Priest (in a low voice): “…Again, we offer You this spiritual worship (τὴν λογικὴν ταύτην λατρείαν, словесную сию службу) for those who have reposed in the faith: forefathers, fathers, patriarchs, prophets, apostles, preachers, evangelists, martyrs, confessors, ascetics, and for every righteous spirit made perfect in faith”; (aloud) “Especially (Ἐξαιρέτως, Изрядно) for our most holy, pure, blessed, and glorious Lady, the Theotokos and ever-virgin Mary.” (Eucharistic Prayer, Byzantine Divine Liturgy)
We don’t only pray “to” the saints; we also pray “for” them, in the Eucharist. How am I to understand this puzzling fact? What is “accomplished,” if I can put it that way, by such prayer?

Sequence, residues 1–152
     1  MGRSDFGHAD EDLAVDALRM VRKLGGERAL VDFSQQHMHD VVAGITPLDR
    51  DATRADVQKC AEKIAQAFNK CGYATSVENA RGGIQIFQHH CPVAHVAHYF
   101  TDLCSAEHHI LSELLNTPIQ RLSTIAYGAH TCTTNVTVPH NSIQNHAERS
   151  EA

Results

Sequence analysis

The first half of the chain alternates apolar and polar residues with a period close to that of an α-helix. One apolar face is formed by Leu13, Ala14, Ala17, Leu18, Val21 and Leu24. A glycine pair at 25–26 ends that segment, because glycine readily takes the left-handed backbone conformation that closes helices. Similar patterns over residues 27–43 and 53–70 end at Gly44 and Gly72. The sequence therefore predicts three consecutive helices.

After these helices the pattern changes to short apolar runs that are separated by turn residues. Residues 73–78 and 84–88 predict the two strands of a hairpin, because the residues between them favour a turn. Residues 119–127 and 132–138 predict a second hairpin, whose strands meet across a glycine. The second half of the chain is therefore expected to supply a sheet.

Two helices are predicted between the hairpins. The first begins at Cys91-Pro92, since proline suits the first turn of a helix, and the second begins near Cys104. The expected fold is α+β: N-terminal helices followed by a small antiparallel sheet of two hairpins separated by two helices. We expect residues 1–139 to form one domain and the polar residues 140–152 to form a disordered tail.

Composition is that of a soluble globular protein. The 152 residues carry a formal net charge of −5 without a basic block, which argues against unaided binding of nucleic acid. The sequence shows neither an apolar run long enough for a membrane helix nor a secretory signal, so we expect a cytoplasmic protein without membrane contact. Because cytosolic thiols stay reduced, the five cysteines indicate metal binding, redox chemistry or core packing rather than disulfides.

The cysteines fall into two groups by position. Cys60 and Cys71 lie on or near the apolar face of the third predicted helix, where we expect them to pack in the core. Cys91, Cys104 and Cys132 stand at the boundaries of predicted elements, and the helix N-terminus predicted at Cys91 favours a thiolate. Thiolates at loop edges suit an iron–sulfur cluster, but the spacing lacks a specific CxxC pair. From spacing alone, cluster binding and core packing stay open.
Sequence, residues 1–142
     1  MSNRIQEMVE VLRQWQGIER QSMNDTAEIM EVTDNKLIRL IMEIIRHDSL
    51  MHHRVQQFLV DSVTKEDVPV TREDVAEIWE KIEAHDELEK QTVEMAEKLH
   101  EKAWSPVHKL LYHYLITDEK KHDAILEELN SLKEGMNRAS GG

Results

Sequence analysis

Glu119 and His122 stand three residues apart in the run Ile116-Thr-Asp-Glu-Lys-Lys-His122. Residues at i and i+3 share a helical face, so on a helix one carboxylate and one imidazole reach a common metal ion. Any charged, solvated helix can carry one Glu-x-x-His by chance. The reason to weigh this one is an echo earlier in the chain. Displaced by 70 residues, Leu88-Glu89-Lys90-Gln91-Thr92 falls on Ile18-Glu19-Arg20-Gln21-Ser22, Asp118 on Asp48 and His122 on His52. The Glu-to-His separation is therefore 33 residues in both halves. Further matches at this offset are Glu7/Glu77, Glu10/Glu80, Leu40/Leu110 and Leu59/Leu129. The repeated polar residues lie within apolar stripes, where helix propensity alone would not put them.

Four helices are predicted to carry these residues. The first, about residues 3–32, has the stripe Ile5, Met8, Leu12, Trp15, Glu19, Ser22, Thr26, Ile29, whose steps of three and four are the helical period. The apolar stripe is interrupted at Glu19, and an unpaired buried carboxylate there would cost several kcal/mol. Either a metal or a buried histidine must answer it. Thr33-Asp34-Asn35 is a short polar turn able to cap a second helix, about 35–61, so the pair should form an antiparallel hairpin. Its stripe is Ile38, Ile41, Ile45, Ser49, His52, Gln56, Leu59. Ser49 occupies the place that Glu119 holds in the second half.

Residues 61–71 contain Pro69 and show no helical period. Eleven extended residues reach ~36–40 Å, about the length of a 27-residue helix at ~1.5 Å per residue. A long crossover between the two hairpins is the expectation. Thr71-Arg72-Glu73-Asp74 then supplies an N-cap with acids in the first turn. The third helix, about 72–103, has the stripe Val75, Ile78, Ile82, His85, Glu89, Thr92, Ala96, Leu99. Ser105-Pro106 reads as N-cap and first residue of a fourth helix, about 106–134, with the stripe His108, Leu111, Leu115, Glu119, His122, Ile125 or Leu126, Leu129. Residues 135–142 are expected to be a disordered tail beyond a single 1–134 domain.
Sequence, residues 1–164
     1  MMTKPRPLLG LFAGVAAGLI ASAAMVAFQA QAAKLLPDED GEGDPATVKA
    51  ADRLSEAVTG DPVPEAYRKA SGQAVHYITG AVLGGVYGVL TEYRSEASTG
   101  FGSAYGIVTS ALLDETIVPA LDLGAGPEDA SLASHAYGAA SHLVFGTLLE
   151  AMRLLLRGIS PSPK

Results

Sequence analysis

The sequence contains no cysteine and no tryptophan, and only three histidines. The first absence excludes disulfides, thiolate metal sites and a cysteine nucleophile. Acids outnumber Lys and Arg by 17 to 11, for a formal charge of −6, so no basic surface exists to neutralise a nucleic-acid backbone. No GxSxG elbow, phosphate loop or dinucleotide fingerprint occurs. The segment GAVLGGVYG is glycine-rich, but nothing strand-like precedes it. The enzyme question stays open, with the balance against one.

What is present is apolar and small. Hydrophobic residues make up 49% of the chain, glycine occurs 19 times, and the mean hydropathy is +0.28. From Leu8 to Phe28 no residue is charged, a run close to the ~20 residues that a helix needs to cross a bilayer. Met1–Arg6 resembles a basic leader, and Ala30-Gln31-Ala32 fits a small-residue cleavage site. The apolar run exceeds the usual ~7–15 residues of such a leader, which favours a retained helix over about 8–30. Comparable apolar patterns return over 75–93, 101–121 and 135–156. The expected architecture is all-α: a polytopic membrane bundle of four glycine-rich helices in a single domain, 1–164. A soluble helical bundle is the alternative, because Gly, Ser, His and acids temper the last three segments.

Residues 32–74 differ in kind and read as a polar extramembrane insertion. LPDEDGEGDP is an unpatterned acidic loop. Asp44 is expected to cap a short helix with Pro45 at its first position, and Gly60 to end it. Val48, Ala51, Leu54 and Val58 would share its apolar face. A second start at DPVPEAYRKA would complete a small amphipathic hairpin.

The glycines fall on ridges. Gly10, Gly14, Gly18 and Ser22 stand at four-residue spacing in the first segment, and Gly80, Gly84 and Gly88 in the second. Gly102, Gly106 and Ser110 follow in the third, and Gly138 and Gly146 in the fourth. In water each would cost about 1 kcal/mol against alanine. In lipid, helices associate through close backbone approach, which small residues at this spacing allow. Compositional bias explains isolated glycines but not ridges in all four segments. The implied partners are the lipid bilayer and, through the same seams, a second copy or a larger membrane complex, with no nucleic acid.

First of all, we “offer” for the saints, by “remembering” them, as an expression of our gratitude for them. Because being grateful for someone or something means remembering them or it, while forgetting someone or something indicates ingratitude. We also “connect” with the heavenly Church in our Eucharistic offering, through our Great Connector, Jesus Christ, Who brings all of creation together, both visible and invisible, in His one Body. Finally, through the Eucharistic commemorations we traditionally indicate whose “side” we’re on, proclaiming aloud the names of the most distinguished members of our “team” (like the Theotokos, as far as the heavenly Church goes, and – a bit later in the Liturgy, – our bishop(s), as far as the earthly one goes).
Today I thank You, Lord, for all of us, both visible and invisible. And “especially,” as those among us on the “New” Calendar near the end of the Dormition Fast, “for our most holy, pure, blessed, and glorious Lady, the Theotokos and ever-virgin Mary!”